The snag, of course, is that the rhetoric is false, no matter what explains it. NIH-funded authors retain the key right and don’t transfer full copyright to publishers. This is what I meant when I said (in SOAN for February 2008) that “publishers cannot complain that [the NIH policy] infringes a right they possess, only that it would infringe a right they wished they possessed.” …”
“The movement against restrictive digital copyright protection arose largely in response to the excesses of the Digital Millennium Copyright Act (DMCA) of 1998. In The Digital Rights Movement, Hector Postigo shows that what began as an assertion of consumer rights to digital content has become something broader: a movement concerned not just with consumers and gadgets but with cultural ownership. Increasingly stringent laws and technological measures are more than incoveniences; they lock up access to our “cultural commons.”
Postigo describes the legislative history of the DMCA and how policy “blind spots” produced a law at odds with existing and emerging consumer practices. Yet the DMCA established a political and legal rationale brought to bear on digital media, the Internet, and other new technologies. Drawing on social movement theory and science and technology studies, Postigo presents case studies of resistance to increased control over digital media, describing a host of tactics that range from hacking to lobbying.
Postigo discusses the movement’s new, user-centered conception of “fair use” that seeks to legitimize noncommercial personal and creative uses such as copying legitimately purchased content and remixing music and video tracks. He introduces the concept of technological resistance—when hackers and users design and deploy technologies that allows access to digital content despite technological protection mechanisms—as the flip side to the technological enforcement represented by digital copy protection and a crucial tactic for the movement.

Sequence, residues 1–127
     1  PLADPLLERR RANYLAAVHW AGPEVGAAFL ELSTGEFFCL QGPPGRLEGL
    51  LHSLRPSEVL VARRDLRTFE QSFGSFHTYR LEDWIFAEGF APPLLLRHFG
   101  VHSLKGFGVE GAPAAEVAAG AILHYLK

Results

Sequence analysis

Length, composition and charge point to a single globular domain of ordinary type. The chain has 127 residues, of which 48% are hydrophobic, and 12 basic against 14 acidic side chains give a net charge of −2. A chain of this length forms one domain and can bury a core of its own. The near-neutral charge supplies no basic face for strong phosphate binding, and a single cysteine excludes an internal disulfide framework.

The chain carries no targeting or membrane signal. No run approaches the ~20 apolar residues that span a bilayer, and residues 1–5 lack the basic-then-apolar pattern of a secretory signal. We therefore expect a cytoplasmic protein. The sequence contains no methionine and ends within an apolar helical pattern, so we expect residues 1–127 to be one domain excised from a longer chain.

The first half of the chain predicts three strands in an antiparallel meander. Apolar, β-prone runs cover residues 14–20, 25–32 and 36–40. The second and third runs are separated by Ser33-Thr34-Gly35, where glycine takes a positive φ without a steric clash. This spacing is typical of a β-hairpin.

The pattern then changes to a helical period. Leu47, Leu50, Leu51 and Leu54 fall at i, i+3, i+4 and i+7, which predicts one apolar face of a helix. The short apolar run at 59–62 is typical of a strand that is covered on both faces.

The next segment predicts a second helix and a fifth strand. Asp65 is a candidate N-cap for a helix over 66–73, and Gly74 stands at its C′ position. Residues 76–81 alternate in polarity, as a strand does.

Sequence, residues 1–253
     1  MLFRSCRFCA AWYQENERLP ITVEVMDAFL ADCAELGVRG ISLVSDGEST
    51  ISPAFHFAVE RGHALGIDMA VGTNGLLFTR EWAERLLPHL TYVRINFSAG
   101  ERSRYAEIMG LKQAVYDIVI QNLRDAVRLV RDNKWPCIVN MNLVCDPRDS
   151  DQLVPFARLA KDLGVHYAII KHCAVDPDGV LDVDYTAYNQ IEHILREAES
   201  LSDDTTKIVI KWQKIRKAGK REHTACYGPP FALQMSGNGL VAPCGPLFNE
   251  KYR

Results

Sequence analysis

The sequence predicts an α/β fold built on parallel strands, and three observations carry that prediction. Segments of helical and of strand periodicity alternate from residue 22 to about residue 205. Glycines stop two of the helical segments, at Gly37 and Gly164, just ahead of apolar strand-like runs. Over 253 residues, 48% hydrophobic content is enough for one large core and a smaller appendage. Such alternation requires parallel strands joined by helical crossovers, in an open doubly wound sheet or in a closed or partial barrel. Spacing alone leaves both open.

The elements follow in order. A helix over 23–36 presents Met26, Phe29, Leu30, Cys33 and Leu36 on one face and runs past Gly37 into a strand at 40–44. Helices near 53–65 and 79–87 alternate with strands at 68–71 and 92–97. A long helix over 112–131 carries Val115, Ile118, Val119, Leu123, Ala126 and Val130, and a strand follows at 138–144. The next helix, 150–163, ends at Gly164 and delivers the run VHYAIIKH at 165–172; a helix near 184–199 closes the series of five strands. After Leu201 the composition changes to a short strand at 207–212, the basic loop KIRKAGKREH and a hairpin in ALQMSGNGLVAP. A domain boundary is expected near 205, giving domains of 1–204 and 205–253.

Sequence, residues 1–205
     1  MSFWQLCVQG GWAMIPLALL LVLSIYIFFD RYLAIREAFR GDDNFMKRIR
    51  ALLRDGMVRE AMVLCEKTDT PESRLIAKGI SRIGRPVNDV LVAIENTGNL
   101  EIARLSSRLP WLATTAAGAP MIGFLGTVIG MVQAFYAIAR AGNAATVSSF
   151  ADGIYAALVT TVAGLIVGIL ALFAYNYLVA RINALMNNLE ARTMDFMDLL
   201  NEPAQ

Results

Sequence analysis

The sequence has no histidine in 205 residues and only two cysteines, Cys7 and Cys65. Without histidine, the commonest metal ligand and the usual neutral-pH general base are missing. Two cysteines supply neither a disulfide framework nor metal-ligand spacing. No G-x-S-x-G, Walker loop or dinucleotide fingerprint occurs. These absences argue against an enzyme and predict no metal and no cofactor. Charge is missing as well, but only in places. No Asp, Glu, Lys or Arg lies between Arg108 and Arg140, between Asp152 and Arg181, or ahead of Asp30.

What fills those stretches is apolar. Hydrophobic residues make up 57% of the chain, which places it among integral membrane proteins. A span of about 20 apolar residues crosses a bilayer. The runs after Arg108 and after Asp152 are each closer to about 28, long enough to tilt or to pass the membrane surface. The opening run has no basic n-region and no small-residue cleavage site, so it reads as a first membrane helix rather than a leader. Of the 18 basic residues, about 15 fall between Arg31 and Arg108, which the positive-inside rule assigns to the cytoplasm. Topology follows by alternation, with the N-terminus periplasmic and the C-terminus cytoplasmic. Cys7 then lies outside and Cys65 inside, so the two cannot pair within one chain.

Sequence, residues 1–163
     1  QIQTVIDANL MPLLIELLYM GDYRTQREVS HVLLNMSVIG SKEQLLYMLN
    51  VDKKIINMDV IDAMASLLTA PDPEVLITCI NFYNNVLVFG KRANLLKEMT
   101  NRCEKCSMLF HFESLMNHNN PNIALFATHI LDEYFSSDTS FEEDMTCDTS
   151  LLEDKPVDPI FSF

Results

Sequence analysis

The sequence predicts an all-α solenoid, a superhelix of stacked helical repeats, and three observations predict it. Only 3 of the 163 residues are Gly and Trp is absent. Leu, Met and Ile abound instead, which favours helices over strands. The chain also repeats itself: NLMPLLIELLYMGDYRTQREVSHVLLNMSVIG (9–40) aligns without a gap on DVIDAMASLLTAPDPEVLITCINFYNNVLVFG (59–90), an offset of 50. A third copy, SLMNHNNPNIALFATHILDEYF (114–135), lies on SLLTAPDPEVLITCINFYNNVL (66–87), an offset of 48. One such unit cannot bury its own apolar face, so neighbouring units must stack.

This is an open access title from MIT Press (2012)….”
“The Association of American Publishers (AAP) announced today that the former United States Register of Copyrights, Maria A. Pallante, will succeed Tom Allen who is retiring as President and CEO. Pallante…will join AAP on January 17, 2017….”
From the AAP’s open letter to Donald Trump, December 15, 2016: “AAP is the national trade association of the U.S. book and journal publishing industry. AAP’s nearly 400 members include most major commercial publishers in the U.S….Surely you understand the role that meaningful intellectual property rights play in American entrepreneurial success, both at home and in global markets, as the ability to burnish the Trump brand through trademark registration and enforcement has helped your diverse enterprises to grow and thrive world-wide….Professional & Scholarly Publishers…publish the vast majority of books, journals, software, databases, and other digital content that are used by scholars and professionals in science, medicine, technology, business, law, and the social sciences and humanities, and are leaders in promoting public access policies that benefit science and society….Businesses that market services and devices through which their customers may access, store and enjoy popular copyrighted works in digital formats benefit from weak or unenforceable copyright protection because their services and devices become more attractive to users as the ordinary market requirements to obtain books, watch movies or listen to music are reduced or eliminated online. Sadly, the same is true for some nonprofit cultural institutions that exist to provide free public access to diverse informational materials – including copyrighted works of original expression….”